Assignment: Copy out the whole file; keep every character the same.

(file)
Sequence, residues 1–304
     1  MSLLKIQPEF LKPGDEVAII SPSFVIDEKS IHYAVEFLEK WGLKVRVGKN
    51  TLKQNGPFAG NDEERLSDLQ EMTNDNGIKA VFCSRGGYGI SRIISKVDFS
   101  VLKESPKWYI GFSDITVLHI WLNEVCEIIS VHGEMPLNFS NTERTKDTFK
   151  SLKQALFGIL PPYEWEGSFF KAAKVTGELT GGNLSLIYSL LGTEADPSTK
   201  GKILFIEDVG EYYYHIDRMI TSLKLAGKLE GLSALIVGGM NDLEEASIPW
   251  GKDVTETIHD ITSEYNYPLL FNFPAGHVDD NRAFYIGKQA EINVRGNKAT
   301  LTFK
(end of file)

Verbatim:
Sequence, residues 1–304
     1  MSLLKIQPEF LKPGDEVAII SPSFVIDEKS IHYAVEFLEK WGLKVRVGKN
    51  TLKQNGPFAG NDEERLSDLQ EMTNDNGIKA VFCSRGGYGI SRIISKVDFS
   101  VLKESPKWYI GFSDITVLHI WLNEVCEIIS VHGEMPLNFS NTERTKDTFK
   151  SLKQALFGIL PPYEWEGSFF KAAKVTGELT GGNLSLIYSL LGTEADPSTK
   201  GKILFIEDVG EYYYHIDRMI TSLKLAGKLE GLSALIVGGM NDLEEASIPW
   251  GKDVTETIHD ITSEYNYPLL FNFPAGHVDD NRAFYIGKQA EINVRGNKAT
   301  LTFK